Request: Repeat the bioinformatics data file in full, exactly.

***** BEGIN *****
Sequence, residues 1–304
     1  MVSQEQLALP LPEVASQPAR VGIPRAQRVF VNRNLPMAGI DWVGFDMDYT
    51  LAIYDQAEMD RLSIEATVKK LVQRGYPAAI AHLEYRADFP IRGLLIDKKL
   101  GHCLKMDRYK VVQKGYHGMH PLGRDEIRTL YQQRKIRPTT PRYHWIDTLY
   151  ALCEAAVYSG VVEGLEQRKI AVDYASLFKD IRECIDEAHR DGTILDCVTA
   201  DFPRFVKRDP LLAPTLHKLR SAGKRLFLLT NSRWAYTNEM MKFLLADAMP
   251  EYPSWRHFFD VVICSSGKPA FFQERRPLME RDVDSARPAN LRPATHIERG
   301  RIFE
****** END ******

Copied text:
Sequence, residues 1–304
     1  MVSQEQLALP LPEVASQPAR VGIPRAQRVF VNRNLPMAGI DWVGFDMDYT
    51  LAIYDQAEMD RLSIEATVKK LVQRGYPAAI AHLEYRADFP IRGLLIDKKL
   101  GHCLKMDRYK VVQKGYHGMH PLGRDEIRTL YQQRKIRPTT PRYHWIDTLY
   151  ALCEAAVYSG VVEGLEQRKI AVDYASLFKD IRECIDEAHR DGTILDCVTA
   201  DFPRFVKRDP LLAPTLHKLR SAGKRLFLLT NSRWAYTNEM MKFLLADAMP
   251  EYPSWRHFFD VVICSSGKPA FFQERRPLME RDVDSARPAN LRPATHIERG
   301  RIFE